Officers today have access to latex gloves, Kevlar gloves to protect against needle sticks and specialized drug detection equipment. Then it was all rather hit and miss. One thing I learned early was to use a biro or pencil to poke around in places you couldn’t see. Each cell had an outside locker where the prisoner could leave things out that he may need throughout the day: towel, toiletries, a book or a change of clothing, sports shoes. These lockers were made of pressed metal, with two shelves and a rolled lip underneath the top which had a gap capable of hiding contraband. The locker in question stood outside the cell of a mature prisoner, in for some serious fraud he thought himself above the pack. His cell had been searched two days in a row and he’d complained bitterly. I stopped at his locker, took everything out, checked it and put it back. Then without thinking I ran my fingertips underneath the lip –OUCH! – Yep ten razor blades inserted right up into the lip with their corners facing down on an angle. It hurt, four fingertips sliced open and I bled all over his clean underwear on the top shelf. He denied any knowledge of the blades and in all fairness we couldn’t prove that he put them there, any inmate could have.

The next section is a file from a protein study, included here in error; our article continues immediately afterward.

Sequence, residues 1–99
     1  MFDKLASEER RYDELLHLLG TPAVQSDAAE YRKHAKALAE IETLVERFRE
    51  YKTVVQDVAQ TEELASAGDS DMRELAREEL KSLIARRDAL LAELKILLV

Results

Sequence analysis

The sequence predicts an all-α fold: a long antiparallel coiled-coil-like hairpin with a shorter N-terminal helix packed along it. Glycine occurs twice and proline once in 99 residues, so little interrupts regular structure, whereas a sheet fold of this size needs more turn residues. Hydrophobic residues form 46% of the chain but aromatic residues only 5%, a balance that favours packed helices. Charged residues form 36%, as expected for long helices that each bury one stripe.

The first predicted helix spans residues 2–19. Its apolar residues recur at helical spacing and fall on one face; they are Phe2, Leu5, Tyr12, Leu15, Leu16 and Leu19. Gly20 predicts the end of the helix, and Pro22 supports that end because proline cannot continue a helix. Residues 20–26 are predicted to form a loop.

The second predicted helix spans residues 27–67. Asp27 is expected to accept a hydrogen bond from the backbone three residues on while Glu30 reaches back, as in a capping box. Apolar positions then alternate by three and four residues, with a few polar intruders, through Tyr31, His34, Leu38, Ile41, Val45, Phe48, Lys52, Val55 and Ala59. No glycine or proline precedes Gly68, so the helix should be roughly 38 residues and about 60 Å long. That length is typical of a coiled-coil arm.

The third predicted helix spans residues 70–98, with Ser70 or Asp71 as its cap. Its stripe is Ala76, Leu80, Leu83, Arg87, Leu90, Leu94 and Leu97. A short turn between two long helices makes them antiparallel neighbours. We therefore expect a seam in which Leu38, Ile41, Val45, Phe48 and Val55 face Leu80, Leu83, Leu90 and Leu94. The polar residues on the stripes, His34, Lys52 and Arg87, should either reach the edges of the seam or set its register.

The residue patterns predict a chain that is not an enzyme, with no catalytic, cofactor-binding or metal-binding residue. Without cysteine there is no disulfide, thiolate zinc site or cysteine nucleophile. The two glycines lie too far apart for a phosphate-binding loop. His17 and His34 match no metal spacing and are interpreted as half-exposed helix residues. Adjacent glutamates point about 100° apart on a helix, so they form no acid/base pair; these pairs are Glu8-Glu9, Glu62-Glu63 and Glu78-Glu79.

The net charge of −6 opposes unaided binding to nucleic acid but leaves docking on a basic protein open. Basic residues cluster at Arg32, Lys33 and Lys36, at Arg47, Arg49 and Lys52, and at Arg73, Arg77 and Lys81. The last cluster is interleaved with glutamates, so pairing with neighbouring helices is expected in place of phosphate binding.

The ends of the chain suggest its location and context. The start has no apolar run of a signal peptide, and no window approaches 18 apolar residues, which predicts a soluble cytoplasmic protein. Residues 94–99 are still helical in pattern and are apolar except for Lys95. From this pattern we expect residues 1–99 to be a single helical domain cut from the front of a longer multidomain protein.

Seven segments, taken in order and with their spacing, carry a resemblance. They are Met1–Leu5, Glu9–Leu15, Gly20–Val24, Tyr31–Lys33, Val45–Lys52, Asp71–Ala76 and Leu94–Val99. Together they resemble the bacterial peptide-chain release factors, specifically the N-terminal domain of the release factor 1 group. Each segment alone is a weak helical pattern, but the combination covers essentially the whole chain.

Everything in a cell had to be searched and if you did it properly it could take half an hour. Prisoners were allowed hobby materials and these were kept under their beds in cardboard boxes. There were mainly leather workers and matchstick aficionados. Some prisoners had been making belts, handbags and wallets for years and were quite artistic. The matchstick art could be of a high standard, although some I think were done by those who wanted to sniff the glue. The character of ‘Hopalong’ Cassidy, an inmate in my book, Mountain of Death was based on a prisoner in Wacol. He made intricate jewellery boxes, photos frames and chess pieces from match sticks. They didn’t bother me, those who made love dolls out of their mattresses did. Once you found a mattress with a rip or a hole in it then you had to investigate. By now one had a stick to make inroads into strange places.
We are all adults here and sexual urges are a part of human nature, people incarcerated without a sexual partner have to take matters to hand. That didn’t bother me, do it and clean up after yourself. The mattress brigade were different, a hole slashed in the fabric and through to the foam, fill it with Brylcreem (a little dab’ll do ya) then love the night away – just please clean up. The sad thing about it was the next inmate would use the same mattress. It died off a little after a couple were charged with wilful damage. As an aside, “Would a memory foam mattress never forget your special night?”